Sessions of interest at the 2017 Goldschmidt & IAG-IASPEI Meetings


Please see below for sessions of interest to the GeoPRISMS Community, taking place at the 2017 Goldschmidt Conference in Paris, France (August 13-18) and the IAG-IASPEI 2017 in Kobe, Japan  (July 30 – August 4)

Goldschmidt abstract deadline is April 1 (23:59 CET)
EGU abstract deadline is February 8, 2017

Please contact the GeoPRISMS Office at info@geoprisms.org if you wish to advertise your sessions of interest on the GeoPRISMS Listserv.

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2017 Goldschmidt Conference

06L: Subduction processes: Evidence from high-pressure/low-temperature metamorphic rocks

Conveners: Sarah Penniston-Dorland and Alberto Vitale Brovarone. Keynote speaker Matthias Konrad-Schmolke

https://goldschmidt.info/2017/abstracts

This session focuses on constraints on the conditions and processes of subduction as reflected in the record from exhumed high-pressure/low-temperature (HP/LT) metamorphic rocks of subducted crust. We invite contributions focusing on all aspects of subduction including thermal histories, thermal gradients, processes of deformation, geochemical cycling, and exhumation. We especially welcome perspectives on the evolution of subduction over geologic time.

Best Regards

Sarah Penniston-Dorland and Alberto Vitale Brovarone

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IAG-IASPEI 2017

J06 The spectrum of fault-zone deformation processes (from slow slip to earthquake)

Conveners: Hitoshi Hirose (Kobe University, Japan), Yoshihiro Ito (Kyoto University, Japan), Chris Marone (Pennsylvania State University, USA)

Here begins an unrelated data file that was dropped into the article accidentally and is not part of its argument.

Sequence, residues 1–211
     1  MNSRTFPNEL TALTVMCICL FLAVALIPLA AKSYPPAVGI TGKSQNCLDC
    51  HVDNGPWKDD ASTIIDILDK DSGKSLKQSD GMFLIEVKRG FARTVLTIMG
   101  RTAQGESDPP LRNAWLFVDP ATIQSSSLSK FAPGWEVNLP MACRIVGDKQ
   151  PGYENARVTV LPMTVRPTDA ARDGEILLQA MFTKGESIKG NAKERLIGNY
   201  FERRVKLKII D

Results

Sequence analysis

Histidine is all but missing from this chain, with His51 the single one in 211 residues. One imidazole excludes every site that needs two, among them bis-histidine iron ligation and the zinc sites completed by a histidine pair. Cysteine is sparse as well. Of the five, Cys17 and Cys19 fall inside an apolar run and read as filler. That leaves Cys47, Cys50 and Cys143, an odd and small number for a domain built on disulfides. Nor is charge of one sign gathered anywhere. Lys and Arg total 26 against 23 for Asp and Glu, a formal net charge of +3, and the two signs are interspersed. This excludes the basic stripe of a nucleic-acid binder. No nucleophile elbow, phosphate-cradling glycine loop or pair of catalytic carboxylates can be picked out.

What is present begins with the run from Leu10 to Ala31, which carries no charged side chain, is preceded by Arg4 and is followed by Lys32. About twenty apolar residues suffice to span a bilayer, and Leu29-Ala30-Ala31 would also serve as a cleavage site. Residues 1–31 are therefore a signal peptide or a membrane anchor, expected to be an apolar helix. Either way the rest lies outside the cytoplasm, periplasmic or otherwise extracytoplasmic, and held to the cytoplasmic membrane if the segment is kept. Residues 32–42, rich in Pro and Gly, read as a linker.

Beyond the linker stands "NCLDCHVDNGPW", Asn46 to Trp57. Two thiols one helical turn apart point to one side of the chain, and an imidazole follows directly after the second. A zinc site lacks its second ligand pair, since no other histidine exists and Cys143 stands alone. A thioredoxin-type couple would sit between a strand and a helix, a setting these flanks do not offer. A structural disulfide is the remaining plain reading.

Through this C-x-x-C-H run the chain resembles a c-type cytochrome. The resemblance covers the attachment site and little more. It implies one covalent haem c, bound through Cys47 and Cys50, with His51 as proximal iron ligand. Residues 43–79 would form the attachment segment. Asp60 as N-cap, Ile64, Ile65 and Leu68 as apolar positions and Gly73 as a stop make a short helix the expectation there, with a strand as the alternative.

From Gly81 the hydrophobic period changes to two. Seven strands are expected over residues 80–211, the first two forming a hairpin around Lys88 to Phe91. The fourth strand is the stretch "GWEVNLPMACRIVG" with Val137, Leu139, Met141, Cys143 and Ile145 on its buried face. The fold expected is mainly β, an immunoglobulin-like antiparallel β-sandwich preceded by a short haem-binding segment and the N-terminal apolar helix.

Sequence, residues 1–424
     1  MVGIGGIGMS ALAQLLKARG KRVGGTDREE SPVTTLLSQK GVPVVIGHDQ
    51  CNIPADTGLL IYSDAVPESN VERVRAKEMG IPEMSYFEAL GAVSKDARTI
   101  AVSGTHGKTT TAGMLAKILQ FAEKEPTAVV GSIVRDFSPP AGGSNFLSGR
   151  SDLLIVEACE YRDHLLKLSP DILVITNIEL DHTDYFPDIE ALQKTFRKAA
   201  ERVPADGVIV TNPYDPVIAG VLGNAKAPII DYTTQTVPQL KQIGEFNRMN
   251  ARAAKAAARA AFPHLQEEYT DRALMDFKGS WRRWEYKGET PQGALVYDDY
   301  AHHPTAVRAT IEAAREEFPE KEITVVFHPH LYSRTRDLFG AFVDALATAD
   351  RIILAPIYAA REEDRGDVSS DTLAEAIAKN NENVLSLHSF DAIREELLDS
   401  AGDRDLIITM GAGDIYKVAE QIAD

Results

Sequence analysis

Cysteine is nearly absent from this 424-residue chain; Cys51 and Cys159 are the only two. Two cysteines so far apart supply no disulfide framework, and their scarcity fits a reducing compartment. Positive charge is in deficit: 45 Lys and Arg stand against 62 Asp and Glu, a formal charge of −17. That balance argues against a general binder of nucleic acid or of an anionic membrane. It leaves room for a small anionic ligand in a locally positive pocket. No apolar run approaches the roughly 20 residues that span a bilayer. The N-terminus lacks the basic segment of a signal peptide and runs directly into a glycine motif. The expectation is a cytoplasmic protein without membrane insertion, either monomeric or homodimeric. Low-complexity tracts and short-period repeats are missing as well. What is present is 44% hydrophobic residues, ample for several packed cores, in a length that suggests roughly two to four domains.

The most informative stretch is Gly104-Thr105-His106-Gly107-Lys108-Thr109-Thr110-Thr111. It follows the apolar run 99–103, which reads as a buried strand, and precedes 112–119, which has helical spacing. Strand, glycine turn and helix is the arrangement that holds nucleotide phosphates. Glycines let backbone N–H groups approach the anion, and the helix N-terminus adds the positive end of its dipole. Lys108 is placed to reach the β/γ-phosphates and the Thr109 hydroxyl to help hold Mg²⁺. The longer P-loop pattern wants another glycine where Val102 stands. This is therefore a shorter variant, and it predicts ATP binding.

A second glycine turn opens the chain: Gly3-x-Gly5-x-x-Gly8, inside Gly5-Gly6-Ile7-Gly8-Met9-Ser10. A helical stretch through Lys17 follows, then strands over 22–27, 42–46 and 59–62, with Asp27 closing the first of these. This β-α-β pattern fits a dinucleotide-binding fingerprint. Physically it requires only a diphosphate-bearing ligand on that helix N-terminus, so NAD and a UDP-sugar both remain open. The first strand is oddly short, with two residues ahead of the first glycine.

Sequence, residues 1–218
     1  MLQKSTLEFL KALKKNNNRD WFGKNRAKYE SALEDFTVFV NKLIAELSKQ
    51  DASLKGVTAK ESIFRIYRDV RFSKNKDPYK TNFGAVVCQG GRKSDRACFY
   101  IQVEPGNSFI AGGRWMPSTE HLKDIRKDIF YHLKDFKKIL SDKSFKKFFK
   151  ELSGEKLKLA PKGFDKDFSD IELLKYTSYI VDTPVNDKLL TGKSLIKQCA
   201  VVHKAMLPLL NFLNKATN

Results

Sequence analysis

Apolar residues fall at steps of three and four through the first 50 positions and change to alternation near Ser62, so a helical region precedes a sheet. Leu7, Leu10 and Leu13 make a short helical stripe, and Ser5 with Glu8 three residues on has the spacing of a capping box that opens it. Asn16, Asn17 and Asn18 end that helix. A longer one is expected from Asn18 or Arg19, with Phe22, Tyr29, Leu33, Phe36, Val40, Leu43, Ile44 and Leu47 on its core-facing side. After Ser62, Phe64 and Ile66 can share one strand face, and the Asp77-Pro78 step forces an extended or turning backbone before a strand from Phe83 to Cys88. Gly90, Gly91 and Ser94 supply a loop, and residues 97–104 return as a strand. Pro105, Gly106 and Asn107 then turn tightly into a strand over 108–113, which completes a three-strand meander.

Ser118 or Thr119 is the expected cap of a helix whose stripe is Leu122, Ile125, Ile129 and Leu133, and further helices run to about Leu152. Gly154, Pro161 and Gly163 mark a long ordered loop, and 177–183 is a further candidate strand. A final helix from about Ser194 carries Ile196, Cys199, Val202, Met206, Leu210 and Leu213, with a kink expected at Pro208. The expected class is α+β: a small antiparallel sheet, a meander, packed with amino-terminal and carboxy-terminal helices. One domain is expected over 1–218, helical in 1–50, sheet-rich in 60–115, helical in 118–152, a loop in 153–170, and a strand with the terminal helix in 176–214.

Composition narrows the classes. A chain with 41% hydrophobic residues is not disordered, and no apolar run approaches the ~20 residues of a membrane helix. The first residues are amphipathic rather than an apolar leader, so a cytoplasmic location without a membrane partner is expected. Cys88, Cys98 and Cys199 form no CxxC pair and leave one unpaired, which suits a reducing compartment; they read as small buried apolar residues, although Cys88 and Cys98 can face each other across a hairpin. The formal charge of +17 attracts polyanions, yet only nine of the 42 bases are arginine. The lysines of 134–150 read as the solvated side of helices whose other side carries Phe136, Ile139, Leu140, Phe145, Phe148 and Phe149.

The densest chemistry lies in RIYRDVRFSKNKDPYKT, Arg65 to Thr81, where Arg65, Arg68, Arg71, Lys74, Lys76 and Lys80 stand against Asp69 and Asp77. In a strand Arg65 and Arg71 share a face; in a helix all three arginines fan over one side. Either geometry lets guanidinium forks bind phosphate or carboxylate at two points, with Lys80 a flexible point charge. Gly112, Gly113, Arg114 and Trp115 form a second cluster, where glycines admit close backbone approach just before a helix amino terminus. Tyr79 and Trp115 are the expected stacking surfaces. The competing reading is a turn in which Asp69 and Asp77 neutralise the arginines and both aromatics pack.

http://www.iag-iaspei-2017.jp/joint_symposia.html

The aim of this session is to bring together the latest, cutting-edge work on the spectrum of fault-zone deformation processes and slip behaviors. We welcome contributions on slow deformation and fast fault slip that will improve our understanding of fault creep, slow slip events, tectonic tremor, episodic tremor and slip, very low-frequency earthquakes, and ordinary earthquakes. The session will highlight linkages between slow and fast fault slip (earthquakes) and explore scaling relationships for the observed spectrum of fault slip behaviors. Contributions from all areas are welcome, including geophysical and geodetic observations, studies of fault zone structure, laboratory experiments, geological surveys, theoretical works, and numerical studies.

Best regards,

Hitoshi Hirose (Kobe University)
Yoshihiro Ito (Kyoto University)
Chris Marone (Pennsylvania State University)
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